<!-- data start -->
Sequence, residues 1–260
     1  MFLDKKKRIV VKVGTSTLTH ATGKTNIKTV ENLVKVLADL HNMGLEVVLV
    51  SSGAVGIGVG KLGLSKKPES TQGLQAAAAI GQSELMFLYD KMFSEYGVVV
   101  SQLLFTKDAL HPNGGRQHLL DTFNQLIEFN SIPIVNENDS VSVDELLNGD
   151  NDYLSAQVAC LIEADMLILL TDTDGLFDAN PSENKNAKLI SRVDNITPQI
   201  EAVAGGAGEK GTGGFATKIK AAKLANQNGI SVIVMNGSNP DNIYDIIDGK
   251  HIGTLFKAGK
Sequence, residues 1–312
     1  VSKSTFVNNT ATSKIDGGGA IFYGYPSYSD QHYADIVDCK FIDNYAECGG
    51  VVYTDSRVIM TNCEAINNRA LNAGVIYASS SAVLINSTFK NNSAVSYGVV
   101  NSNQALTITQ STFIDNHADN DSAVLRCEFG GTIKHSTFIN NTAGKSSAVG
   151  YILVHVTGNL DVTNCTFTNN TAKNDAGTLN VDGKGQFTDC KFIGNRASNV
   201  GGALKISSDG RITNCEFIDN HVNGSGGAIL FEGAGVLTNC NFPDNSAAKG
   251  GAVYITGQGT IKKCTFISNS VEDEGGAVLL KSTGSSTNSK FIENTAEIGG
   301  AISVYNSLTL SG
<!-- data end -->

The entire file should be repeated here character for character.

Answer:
Sequence, residues 1–260
     1  MFLDKKKRIV VKVGTSTLTH ATGKTNIKTV ENLVKVLADL HNMGLEVVLV
    51  SSGAVGIGVG KLGLSKKPES TQGLQAAAAI GQSELMFLYD KMFSEYGVVV
   101  SQLLFTKDAL HPNGGRQHLL DTFNQLIEFN SIPIVNENDS VSVDELLNGD
   151  NDYLSAQVAC LIEADMLILL TDTDGLFDAN PSENKNAKLI SRVDNITPQI
   201  EAVAGGAGEK GTGGFATKIK AAKLANQNGI SVIVMNGSNP DNIYDIIDGK
   251  HIGTLFKAGK
Sequence, residues 1–312
     1  VSKSTFVNNT ATSKIDGGGA IFYGYPSYSD QHYADIVDCK FIDNYAECGG
    51  VVYTDSRVIM TNCEAINNRA LNAGVIYASS SAVLINSTFK NNSAVSYGVV
   101  NSNQALTITQ STFIDNHADN DSAVLRCEFG GTIKHSTFIN NTAGKSSAVG
   151  YILVHVTGNL DVTNCTFTNN TAKNDAGTLN VDGKGQFTDC KFIGNRASNV
   201  GGALKISSDG RITNCEFIDN HVNGSGGAIL FEGAGVLTNC NFPDNSAAKG
   251  GAVYITGQGT IKKCTFISNS VEDEGGAVLL KSTGSSTNSK FIENTAEIGG
   301  AISVYNSLTL SG